Many will be looking forward to the Glasgow 2014 Commonwealth Games this summer purely because of the sporting action that will be taking place across Scotland’s largest city, with stars such as Mo Farah set to be competing. However, in recent years major sporting events have not only been required to provide a city full of the best in sporting stadiums and facilities but also a comprehensive cultural programme.
The Cultural Olympiad, which took place as part of the London 2012 Summer Olympics, included artists from across the country taking part in large scale cultural events. The Glasgow 2014 Commonwealth Games is planning a similar array of arts projects to take place around the Games.
Organisers have called the Glasgow 2014 Cultural Programme an ‘unprecedented nationwide programme of activity’ that includes 200 projects and exhibitions and over 800 events. The programme is split into two separate brands: Culture 2014, which is a longer term project that is taking place across Scotland, and Festival 2014, which is the Glasgow-based side of the project that will run alongside side the sporting activities.
Culture 2014 is set to include dance performances, stand-up comedy and theatre projects across Scotland which will aim to involve a large number of people from a wide range of backgrounds. Festival 2014 will then provide two weeks of culture and arts in the host city of Glasgow, which organisers hope will act as a celebration of the Games.
A sporting and cultural event
The head of this ambitious cultural programme is Jill Miller. She says the cultural function of the Commonwealth Games is now a key element of the event that needs to be integrated in with the sporting aspects.
“The organising committee for the Games has been very clear about this, it is a sporting and cultural event,” explains Miller. “I think that’s something that’s changed. What we’re really keen on is that this is about strengthening what’s happening in the city to make the city the very best host is possibly can be.”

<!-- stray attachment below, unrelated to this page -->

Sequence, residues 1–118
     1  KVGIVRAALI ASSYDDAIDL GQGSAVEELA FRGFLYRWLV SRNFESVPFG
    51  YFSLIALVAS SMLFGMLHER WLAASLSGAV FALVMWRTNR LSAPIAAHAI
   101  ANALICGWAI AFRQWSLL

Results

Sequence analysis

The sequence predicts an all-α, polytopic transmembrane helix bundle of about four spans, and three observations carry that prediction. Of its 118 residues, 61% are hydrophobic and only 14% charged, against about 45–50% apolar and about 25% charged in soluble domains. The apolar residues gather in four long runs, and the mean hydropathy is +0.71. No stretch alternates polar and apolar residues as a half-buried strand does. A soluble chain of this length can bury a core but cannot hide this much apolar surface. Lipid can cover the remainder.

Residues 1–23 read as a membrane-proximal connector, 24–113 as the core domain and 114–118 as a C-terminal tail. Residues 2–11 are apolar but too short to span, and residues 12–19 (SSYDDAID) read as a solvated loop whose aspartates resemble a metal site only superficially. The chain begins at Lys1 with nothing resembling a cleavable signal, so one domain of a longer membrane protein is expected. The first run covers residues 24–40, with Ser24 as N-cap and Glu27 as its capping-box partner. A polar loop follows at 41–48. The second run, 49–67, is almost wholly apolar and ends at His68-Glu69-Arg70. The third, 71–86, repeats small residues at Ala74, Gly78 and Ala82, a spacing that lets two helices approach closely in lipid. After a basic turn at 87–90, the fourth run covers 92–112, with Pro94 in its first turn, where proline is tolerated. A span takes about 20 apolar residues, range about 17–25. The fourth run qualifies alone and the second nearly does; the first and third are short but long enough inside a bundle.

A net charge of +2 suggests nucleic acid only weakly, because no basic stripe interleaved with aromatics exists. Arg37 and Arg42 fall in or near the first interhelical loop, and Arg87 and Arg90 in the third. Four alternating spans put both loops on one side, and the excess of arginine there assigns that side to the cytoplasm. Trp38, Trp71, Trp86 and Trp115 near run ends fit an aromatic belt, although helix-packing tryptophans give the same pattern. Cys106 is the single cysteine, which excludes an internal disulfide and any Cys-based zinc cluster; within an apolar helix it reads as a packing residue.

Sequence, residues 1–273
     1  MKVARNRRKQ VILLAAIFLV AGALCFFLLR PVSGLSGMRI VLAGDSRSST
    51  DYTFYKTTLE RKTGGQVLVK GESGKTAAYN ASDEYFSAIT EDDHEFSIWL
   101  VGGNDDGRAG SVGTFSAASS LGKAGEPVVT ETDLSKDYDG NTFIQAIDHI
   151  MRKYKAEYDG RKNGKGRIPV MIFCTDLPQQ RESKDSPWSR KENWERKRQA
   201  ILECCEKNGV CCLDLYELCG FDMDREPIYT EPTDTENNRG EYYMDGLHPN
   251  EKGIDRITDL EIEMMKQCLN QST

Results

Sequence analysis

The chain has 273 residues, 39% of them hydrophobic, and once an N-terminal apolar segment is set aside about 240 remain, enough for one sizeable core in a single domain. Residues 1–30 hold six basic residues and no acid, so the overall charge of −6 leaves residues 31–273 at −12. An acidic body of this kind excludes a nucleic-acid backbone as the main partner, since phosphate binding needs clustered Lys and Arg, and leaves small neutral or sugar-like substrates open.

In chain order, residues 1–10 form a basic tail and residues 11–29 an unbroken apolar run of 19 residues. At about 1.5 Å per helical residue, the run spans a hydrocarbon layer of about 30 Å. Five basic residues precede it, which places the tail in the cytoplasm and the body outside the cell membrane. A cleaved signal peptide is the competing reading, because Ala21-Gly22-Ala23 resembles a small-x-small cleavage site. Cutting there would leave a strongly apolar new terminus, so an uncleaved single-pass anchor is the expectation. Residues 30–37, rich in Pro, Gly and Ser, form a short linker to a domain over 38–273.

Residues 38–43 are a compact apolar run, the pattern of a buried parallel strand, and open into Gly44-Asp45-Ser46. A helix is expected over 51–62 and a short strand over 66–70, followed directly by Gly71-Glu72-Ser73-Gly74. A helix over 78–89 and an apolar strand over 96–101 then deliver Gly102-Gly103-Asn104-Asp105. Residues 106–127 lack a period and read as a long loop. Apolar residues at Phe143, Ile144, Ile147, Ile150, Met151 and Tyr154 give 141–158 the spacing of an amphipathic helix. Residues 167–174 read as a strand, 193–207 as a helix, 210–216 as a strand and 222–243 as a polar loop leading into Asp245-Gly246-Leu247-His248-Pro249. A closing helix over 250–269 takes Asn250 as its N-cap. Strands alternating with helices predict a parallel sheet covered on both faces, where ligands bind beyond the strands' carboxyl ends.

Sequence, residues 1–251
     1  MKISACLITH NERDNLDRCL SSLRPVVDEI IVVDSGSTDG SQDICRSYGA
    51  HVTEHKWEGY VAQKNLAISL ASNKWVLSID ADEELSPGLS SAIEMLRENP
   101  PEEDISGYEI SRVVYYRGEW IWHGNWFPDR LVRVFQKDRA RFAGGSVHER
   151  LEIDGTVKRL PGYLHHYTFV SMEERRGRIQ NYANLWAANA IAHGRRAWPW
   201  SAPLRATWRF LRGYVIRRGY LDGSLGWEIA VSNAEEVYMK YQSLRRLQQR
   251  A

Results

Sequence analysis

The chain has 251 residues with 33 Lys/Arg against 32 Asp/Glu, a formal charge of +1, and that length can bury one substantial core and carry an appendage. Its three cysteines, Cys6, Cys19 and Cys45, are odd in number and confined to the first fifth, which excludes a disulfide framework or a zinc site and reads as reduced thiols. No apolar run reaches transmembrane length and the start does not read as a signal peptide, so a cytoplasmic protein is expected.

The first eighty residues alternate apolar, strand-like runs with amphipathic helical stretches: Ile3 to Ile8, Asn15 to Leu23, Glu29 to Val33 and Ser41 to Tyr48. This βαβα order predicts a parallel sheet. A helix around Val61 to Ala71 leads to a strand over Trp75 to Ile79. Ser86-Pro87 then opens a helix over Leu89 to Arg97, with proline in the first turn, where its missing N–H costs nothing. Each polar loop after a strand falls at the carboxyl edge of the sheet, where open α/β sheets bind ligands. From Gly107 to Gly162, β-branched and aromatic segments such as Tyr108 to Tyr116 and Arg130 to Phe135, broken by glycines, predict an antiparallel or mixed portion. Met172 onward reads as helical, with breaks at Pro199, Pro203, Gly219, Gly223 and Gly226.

Miller experienced the cultural side of the Commonwealth Games in Melbourne, Manchester and Delhi and she says this experience has given her team a great insight into how best to put together a cultural programme.
“We went to look at what was happening in terms of how these festivals were delivered. We came back from all of those experiences and developed a model in Glasgow that was about engaging with our existing cultural sectors, to make sure they had the opportunity to accelerate their ambitions.”
Legacy is often cited as one of the key aspects of any cities’ bid to host a major sports event, but this is usually looked upon from a sporting and infrastructure perspective. In London the regeneration of the East End and the lasting effects of inspirational sporting achievements were cited as key parts of the legacy of the 2012 Olympic Games.
However, Miller wants to also include the legacy element of the Games into the cultural programme. “I would suggest the festival we have in the city is much more integrated into the plans and the developments for the future… what we’re trying to do is get people to come back post 2014,” she says.
Host with the most
As part of this legacy, the programme aims to promote the host city to the rest of the Commonwealth, and vice versa, through working with a range of government bodies and wider international organisations. “This is absolutely about showcasing Scotland and Glasgow within the Commonwealth and working with the Commonwealth in a way that we can actually showcase them in Scotland and Glasgow.
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